Does it help you to know that there are 11,000 sites breeding mosquitoes in your neighbourhood, if you can't do much about it?

A brief report in The Hindu today said the Chennai Corporation had identified 11,107 sites in the Adyar area, where mosquitoes are said to be breeding. Some 394 sites have a high density of mosquito larvae, we are informed, and a few thousand houses have received 'advice' on how to control the menace.

This is of course no news to a city which has lost the battle with the mosquito (of course, it has never really been won anywhere) of all genera - those that bite during the day, at night and transmit malaria, filaria and dengue.

The statistic of the Chennai Corporation about the number of sites breeding mosquitoes is actually useless, because it has, in all probability, ignored those sites that its own personnel are opening everyday that are useful to the little winged monsters.

Look at any road, and the Corporation, joined by the Metrowater, telephone companies or other civic or service agency, has been busy digging it up. When the job is complete, though, the working group leaves the place full of trenches and pits, often away from the main road surface and hence used by neither people nor their cars. These are of course convenient for the disease vectors to spawn a few generations soon after it rains.

Yet, it is always helpful to find some "external" villains that can be blamed for the problem. So last month, the Corporation said Chennai Metro Rail is a recalcitrant agency that does not allow mosquito control on its sites! Incidentally, these sites include massive excavations where work is on to build stations, and certainly these are well above the levels of sophistication that our Corporation of Chennai's personnel are used to. If the law requires that they should not contribute to the health of mosquitoes, why not simply press that law with CMRL, and make them do what is necessary?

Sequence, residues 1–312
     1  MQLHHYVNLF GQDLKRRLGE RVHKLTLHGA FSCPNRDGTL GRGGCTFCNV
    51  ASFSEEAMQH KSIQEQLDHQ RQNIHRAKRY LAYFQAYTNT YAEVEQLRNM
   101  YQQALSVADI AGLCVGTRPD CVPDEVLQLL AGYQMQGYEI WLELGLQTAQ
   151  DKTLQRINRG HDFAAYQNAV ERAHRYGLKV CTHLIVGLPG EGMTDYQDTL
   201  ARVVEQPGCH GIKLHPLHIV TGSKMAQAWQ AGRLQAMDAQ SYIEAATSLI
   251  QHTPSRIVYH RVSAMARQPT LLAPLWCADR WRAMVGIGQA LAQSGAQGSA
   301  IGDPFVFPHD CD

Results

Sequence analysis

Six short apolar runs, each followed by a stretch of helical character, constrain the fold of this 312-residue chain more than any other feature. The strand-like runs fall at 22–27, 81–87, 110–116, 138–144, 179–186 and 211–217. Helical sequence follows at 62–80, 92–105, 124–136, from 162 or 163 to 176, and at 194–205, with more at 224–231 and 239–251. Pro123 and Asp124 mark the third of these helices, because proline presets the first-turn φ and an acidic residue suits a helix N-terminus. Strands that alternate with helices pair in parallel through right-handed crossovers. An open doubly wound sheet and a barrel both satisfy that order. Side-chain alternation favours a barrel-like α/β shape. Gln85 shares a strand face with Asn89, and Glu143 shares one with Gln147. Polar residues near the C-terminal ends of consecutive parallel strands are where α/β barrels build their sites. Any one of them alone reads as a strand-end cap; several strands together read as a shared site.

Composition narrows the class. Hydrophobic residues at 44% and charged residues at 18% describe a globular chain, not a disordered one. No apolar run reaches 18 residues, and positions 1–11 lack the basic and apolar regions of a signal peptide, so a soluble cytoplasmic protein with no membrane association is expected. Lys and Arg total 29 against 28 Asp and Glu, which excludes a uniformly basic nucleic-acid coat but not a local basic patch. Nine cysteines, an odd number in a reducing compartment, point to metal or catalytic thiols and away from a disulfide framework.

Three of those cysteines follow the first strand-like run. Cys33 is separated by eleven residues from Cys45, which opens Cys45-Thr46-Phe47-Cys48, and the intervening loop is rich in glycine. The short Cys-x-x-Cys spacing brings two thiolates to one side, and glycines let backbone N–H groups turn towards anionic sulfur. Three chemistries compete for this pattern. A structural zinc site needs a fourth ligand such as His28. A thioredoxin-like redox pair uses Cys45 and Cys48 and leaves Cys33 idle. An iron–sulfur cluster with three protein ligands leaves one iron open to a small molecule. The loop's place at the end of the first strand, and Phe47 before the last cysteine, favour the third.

The Chennai Corporation also has no plan to prevent waste handling shops from stocking piles of rubbish right outside residential complexes, on busy interior roads, where they provide perfect breeding places. Tyres, plastic buckets, and other assorted junk is piled on roads outside such shops, exposed to the rain. It is doubtful whether the shops are issued licences to carry on their business.

On the question of triumph over mosquitoes, the only hope seems to be the recent discovery that there are specific chemicals in the skin of humans, that mosquitoes are not interested in, and may therefore protect them - by making them seem "invisible" to the winged tyrants.

According to the scientists, led by Ulrich Bernier of the United States Department of Agriculture who revealed the finding, one of these is 1-methylpiperazine, the BBC reported.

Anyone fighting mosquitoes would agree that the insects no longer respond adequately to conventional repellants, leading to a 'stronger the better' approach among those who want a good night's sleep. It would certainly be a boon to have a 'natural' alternative, and hopefully, such a product would be spared the distortions of patent regimes.

Meanwhile, we can overturn all those containers, cups, buckets and coconut shells and move old tyres to enclosed places to make things difficult for mosquitoes. We can't expect robust help from the Corporation other than identification of "breeding sites" that are out in the open.